|Número de publicación||US7902080 B2|
|Tipo de publicación||Concesión|
|Número de solicitud||US 11/753,968|
|Fecha de publicación||8 Mar 2011|
|Fecha de presentación||25 May 2007|
|Fecha de prioridad||30 May 2006|
|También publicado como||US20070281448|
|Número de publicación||11753968, 753968, US 7902080 B2, US 7902080B2, US-B2-7902080, US7902080 B2, US7902080B2|
|Inventores||Xiaolin Chen, Srinivas D. Nemani, Shankar Venkataraman|
|Cesionario original||Applied Materials, Inc.|
|Exportar cita||BiBTeX, EndNote, RefMan|
|Citas de patentes (163), Otras citas (11), Citada por (26), Clasificaciones (22), Eventos legales (3)|
|Enlaces externos: USPTO, Cesión de USPTO, Espacenet|
This application claims the benefit of U.S. Provisional Application No. 60/803,481 filed May 30, 2006. This application is also related to co-assigned U.S. Provisional App. No. 60/803,493, by Ingle et al, filed May 30, 2006 and titled “CHEMICAL VAPOR DEPOSITION OF HIGH QUALITY FLOW-LIKE SILICON DIOXIDE USING A SILICON CONTAINING PRECURSOR AND ATOMIC OXYGEN”. This application is also related to U.S. Provisional Application No. 60/803,489, by Nemani et al, filed May 30, 2006 and titled “A METHOD FOR DEPOSITING AND CURING LOW-K FILMS FOR GAPFILL AND CONFORMAL FILM APPLICATIONS”. In addition, this application is related to U.S. Provisional Application No. 60/803,499 by Lubomirsky, filed May 30, 2006 and titled “PROCESS CHAMBER FOR DIELECTRIC GAPFILL”. The entire contents of the priority U.S. Provisional patent application and the related applications are herein incorporated by reference for all purposes.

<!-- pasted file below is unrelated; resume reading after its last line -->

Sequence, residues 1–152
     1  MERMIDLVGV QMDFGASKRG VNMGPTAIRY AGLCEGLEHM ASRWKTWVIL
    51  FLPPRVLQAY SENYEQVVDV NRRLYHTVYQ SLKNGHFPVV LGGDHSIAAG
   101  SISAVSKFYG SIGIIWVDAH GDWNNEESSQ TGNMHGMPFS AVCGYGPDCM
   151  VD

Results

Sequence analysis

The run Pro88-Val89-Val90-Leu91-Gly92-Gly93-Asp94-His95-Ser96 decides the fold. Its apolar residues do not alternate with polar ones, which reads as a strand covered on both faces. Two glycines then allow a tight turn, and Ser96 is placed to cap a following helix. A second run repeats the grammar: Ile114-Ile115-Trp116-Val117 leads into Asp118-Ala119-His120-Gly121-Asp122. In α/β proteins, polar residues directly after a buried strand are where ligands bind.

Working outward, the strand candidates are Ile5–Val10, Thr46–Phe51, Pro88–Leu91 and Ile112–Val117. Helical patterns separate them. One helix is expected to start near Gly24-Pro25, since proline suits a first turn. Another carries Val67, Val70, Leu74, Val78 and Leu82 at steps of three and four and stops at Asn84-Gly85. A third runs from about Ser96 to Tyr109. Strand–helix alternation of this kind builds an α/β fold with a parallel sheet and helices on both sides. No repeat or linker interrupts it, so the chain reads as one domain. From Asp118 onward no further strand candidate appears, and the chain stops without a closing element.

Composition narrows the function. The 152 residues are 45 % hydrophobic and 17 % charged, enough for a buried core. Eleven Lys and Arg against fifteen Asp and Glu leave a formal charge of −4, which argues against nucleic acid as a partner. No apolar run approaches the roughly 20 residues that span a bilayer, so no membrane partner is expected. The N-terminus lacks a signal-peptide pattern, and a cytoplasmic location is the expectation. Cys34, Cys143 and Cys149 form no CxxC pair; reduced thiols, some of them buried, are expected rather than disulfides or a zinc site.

As the device density on integrated circuits continues to increase, the size and distance between device structures continue to decrease. The narrower widths in the gaps of the structures and the trenches between structures increases the ratio of height to width (i.e., the aspect ratio) in these formations. In other words, the continued miniaturization of integrated circuit elements is shrinking the horizontal width within and between these elements faster than their vertical height.
While the ability to make device structures with ever increasing aspect ratios has allowed more of the structures (e.g., transistors, capacitors, diodes, etc.) to be packed onto the same surface area of a semiconductor chip substrate, it has also created fabrication problems. Once of these problems is the difficulty of completely filling the gaps and trenches in these structures without creating a void or seam during the filling process. Filling gaps and trenches with dielectric materials like silicon oxide is necessary to electrically isolate nearby device structures from each other. If the gaps were left empty, there would be too much electrical noise, and current leakage for the devices to operate properly (or at all).
When gap widths were larger (and aspect ratios smaller) the gaps were relatively easy to fill with a rapid deposit of a dielectric material. The deposition material would blanket the sides and bottom of the gap and continue to fill from the bottom up until the crevice or trench was fully filled. As aspect ratios increased however, it became more difficult to fill the deep, narrow trench without having a blockage start a void or seam in the fill volume.